The message is economics
The new man in the post also has more in store than just fronting for the cause. Top of the list of new priorities is finding
better ways to expand understanding of what the industry does and how it contributes to economic growth— to answer the simple
question of why it is worth it to governments and the public to have a strong biopharmaceutical industry in Europe. As Bergström
puts it: "There is a desire at senior levels within the industry to have better data that proves our value—to foster and shape
discussions that go wider than just the immediate budget problems of a Greece or Portugal."
EFPIA is nowadays invited to forward-looking meetings at senior levels in European politics, including the European Central
Bank and with finance ministers. This new financial dimension of its engagement is a result of the constant concern of governments
over how to carry out long-term reform of healthcare and pensions. "They want our views," says Bergström. "Not at the level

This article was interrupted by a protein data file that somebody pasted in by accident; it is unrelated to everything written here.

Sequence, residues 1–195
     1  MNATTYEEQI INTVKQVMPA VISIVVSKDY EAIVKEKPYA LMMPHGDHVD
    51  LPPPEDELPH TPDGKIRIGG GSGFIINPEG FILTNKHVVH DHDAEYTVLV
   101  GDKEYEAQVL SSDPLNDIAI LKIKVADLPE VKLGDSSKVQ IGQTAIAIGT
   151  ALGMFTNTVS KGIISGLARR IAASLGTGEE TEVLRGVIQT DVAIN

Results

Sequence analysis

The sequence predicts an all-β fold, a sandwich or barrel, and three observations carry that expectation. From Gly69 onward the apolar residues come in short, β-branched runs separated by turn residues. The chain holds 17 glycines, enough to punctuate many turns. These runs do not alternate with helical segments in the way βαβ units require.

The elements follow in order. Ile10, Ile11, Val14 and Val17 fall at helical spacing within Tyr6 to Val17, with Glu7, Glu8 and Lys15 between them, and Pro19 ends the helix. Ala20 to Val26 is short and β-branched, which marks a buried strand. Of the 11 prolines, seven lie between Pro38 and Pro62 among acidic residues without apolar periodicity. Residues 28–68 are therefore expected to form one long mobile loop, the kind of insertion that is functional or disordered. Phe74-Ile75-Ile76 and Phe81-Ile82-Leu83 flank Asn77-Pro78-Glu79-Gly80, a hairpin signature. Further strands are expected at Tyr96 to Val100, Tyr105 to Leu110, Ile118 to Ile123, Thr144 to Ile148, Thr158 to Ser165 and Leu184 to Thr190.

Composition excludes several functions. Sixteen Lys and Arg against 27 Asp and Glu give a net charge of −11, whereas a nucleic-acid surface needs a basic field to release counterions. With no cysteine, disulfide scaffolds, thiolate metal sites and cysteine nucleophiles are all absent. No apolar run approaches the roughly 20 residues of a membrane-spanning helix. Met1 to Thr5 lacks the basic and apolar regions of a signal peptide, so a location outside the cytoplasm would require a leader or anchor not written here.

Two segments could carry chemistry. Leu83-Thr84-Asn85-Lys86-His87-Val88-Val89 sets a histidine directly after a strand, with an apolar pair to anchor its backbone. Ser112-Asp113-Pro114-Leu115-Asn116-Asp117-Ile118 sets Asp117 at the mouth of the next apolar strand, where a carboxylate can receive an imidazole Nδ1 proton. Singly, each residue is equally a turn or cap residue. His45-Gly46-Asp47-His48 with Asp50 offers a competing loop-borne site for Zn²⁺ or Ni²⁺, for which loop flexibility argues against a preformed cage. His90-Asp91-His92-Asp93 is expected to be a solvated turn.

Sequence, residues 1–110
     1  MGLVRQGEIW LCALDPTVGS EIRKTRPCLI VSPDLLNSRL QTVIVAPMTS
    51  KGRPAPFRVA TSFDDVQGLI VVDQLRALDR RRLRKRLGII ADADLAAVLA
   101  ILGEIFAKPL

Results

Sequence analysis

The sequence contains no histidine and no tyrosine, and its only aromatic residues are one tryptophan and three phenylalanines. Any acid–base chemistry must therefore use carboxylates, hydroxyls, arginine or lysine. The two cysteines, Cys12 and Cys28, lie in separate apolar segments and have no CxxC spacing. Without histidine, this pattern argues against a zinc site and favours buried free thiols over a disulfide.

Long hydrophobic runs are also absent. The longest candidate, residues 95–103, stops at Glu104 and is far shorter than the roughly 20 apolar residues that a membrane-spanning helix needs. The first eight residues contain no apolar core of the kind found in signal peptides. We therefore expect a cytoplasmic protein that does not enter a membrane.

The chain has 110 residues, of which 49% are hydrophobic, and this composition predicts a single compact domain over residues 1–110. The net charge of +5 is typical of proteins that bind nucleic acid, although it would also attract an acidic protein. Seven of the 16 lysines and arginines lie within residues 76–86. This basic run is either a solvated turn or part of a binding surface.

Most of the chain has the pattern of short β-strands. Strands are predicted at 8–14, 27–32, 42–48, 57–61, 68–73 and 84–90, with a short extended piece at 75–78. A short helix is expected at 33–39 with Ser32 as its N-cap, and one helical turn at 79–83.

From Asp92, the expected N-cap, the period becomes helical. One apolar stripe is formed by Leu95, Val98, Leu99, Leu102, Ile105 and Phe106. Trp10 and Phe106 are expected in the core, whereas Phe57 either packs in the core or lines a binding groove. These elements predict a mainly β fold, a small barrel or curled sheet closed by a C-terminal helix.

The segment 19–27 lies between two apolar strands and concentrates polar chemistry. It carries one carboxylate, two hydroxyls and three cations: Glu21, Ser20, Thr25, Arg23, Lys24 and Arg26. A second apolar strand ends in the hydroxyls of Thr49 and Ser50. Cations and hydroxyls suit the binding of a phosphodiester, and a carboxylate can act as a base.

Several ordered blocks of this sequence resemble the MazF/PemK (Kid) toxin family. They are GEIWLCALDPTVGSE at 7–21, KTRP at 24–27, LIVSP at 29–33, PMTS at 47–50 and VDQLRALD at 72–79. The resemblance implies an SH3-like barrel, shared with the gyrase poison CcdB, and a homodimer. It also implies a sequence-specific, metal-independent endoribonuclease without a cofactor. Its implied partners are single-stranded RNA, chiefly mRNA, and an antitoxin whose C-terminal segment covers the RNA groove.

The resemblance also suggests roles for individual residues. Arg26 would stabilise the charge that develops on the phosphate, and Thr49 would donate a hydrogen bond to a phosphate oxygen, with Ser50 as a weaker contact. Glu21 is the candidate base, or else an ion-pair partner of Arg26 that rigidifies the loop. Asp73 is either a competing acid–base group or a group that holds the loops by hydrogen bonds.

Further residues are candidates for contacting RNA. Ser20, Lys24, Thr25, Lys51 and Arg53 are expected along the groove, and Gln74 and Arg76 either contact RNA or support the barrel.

of the suitability of individual products, or even in HTA discussions of how to quantify the comparative advantages of one
product over another. Rather, the decision makers want input on how to deal with the really big systemic challenges. So we
need to have a better picture ourselves of how well healthcare systems are working, and how they need to adapt and evolve."
Bergström recognizes this is new territory for the industry. "Previously it was in many respects relatively easy for industry,
because we could just focus on seeking better prices for drugs, and didn't get involved in management of healthcare overall.
But this approach is no longer feasible. Every European or national discussion of economics covers health, and we thus have
to take that on board ourselves, because this is shaping the context in which we have to operate as a business."
EFPIA also needs to be able to answer strategic questions from Europe's economy ministers about how it can deliver value as
an exporting industry and as a high-tech generator of employment. "For this we are scrambling. We don't have good estimates
of the value the industry brings to the economy and society as a whole, including the contribution made by generics, for instance,
or the jobs and spinoffs brought by the smaller businesses that the industry supports."